However, by some invisible decree, meetings are held on the one day you're not there.

Someone mentions a committee that you've volunteered for but expresses concern about your "limited availability" and asks, "Which day [!] are you on campus?"

To use the title of that children's book, what do you say, dear?

Wednesday, March 24, 2010

Random Bullets of March Teaching

  • I almost took a picture of the bag of folders with corrected papers, all neatly paperclipped to quizzes and whatever else I had to give back. For one brief, shining moment, that grading was done in all its handcrafted loveliness.
  • Yes, I did have one student come up to say . . . that he couldn't read my handwriting.
  • An added benefit of spring break: students really do seem revved up and ready to discuss the texts.
  • Or maybe it's just that from here, the end is in sight.
  • I have put so much work into teaching the flying dinosaur studies class this semester that I'm going to be crushed if it turns out they didn't like it. They seem to be enjoying it, but you never know. They got into such a spirited debate today that I had to stop them so class wouldn't go over time.

Friday, March 19, 2010

Not much. How about you?

What I've been doing for the last week: reading other people's words.
  • Reading student papers and expending good advice and ink upon them. Thanks, commenters, for the advice on writing comments by hand. The eco-unfriendliness of printing the papers (double-sided) is mitigated, I hope, by filling the fountain pens I used with ink from a bottle--and yes, I had to refill them a few times to get through the stacks.
  • About grading: although the words I write are my words, sometimes, when I'm finished with the individual comments and am summing up, it feels like automatic writing, since the phrases are ones I've used before.
  • Reading emails and responding to them.
  • Reading and responding to drafts sent to me by students and colleagues.
What I haven't been doing: my own writing. I'm hoping to get back to it soon.

Wednesday, March 10, 2010

Lectures as warm-up

In "College 2.0: More Professors Could Share Lectures Online. But Should They?" Jeffrey R. Young interviews some professors who have put their lectures online and some who have hesitated. The reasons for hesitation vary from seeing the classroom as a "sacred space" to a recording system that doesn't let you log in even though you have the password (we've all been there, haven't we?).

There are a lot of interesting parts to the article, but the one that stood out was this one:
And lectures might just fall out of popular use in physical classrooms, because professors could just point to their past recordings or those of others and assign viewings for homework. To keep students interested in the classroom, some professors would focus more on discussion or group projects and things that can't be easily captured on video.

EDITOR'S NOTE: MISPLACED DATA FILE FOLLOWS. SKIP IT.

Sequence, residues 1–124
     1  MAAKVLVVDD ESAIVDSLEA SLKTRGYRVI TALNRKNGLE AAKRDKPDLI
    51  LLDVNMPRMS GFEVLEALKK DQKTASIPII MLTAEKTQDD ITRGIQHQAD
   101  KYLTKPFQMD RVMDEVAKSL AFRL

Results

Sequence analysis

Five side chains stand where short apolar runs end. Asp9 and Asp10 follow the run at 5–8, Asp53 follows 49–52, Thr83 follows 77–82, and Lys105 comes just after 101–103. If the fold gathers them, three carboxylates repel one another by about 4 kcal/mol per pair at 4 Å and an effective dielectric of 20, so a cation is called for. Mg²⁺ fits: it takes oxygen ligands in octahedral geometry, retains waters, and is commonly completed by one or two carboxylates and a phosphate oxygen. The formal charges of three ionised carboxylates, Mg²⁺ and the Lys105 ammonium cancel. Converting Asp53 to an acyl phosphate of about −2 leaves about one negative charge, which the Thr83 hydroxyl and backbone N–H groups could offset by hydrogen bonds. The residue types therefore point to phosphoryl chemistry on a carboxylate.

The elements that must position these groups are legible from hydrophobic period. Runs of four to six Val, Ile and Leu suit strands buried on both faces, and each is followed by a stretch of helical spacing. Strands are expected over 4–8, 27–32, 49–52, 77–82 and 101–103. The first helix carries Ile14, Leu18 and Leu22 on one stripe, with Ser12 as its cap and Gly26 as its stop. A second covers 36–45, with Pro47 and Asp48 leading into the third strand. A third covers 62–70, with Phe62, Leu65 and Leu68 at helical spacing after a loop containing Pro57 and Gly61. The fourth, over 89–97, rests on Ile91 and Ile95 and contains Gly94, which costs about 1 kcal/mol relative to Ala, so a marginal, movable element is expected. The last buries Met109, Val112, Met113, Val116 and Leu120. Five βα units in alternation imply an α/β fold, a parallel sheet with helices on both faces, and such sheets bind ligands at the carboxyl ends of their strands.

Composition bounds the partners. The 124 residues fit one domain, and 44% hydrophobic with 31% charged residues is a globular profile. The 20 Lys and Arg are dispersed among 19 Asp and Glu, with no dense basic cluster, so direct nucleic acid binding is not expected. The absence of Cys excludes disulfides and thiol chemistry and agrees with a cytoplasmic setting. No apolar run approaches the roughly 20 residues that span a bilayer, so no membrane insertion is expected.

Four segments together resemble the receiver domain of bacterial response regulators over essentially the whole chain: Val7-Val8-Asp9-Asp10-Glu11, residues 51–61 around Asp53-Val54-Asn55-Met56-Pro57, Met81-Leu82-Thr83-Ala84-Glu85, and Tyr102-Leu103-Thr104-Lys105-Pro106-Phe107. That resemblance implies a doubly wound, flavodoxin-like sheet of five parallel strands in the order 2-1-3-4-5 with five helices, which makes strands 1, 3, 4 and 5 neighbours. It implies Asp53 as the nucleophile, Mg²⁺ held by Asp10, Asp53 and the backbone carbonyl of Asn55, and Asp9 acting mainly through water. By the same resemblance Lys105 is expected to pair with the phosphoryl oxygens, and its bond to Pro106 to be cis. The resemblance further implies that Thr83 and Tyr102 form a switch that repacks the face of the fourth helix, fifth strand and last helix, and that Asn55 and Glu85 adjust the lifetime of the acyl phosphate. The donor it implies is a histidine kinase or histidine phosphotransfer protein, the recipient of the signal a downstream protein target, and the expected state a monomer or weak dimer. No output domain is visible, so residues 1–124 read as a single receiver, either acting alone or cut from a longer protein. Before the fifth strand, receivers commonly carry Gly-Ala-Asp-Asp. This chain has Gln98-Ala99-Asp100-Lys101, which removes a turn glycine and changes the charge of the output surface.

I can see how this would work for science classes, as Siva Vaidhyanathan, a professor at the University of Virginia quoted in the article, mentions in the comments. But what about humanities classes where discussion is already a big part of the class? What if the "lecture" is really a warm-up to and framing of the major business of the class, which is the discussion of a text?

That's what my "lectures" really are, and they rarely last more than, say, 20 minutes. The purpose is to introduce concepts and terms for talking about the literature, and as I talk, I can see by looking at their faces whether I need to expand on a certain concept or give another example. I can stop, backtrack, or cut short something that they don't seem to need--or I can ask them directly if they need more explanation or if I'm going too fast.

I'm imagining how this would work if I just assigned them to watch a previous lecture, as the quotation suggests.

"So, did you all catch me last night on YouTube? Do you remember what I said about the principle of X? Stu Dent, can you summarize this principle for us?"

Maybe Stu Dent summarizes the principle, but maybe Stu Dent sits with a blank look on his face and the only sound I hear is crickets.

Given the trouble we've all had at points getting students to read the material, what makes us think that they'd be more eager to spend time watching our lectures?

Also, if given a choice between watching a video and reading an article about a subject, I choose the article because watching a video takes a lot more time. Wouldn't students feel the same way?

In a discussion-based humanities classroom, a lecture isn't a waste of class time that can be outsourced to YouTube or MIT for greater efficiency. It's a fundamental technique for focusing attention, for putting students and the instructor in the same classroom space mentally as well as physically. The point of the lecture is to put us all in the same place so that we can talk about the work, and immediacy is a key part of that.

Friday, March 05, 2010

News flash from the Chronicle: most people would prefer to work fewer hours, be paid the same salary